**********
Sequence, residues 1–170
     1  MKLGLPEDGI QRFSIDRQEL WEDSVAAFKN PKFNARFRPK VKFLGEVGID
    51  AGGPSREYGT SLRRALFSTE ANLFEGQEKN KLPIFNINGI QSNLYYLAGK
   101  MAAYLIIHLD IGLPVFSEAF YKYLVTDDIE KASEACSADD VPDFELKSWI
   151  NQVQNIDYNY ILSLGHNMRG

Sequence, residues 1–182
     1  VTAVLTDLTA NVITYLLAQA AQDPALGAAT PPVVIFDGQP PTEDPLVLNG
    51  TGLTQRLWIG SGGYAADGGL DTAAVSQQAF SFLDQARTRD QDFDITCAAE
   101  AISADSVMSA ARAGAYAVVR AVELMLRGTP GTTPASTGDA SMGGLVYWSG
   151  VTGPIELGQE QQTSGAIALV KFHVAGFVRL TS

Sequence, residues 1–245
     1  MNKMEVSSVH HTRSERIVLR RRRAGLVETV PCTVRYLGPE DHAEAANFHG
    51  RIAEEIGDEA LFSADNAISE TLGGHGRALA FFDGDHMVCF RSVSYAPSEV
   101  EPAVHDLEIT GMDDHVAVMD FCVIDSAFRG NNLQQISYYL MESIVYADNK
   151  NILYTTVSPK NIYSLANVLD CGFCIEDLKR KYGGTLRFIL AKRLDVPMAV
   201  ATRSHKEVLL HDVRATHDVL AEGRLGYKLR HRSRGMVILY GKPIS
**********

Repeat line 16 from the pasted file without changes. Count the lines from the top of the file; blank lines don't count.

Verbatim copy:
   201  ATRSHKEVLL HDVRATHDVL AEGRLGYKLR HRSRGMVILY GKPIS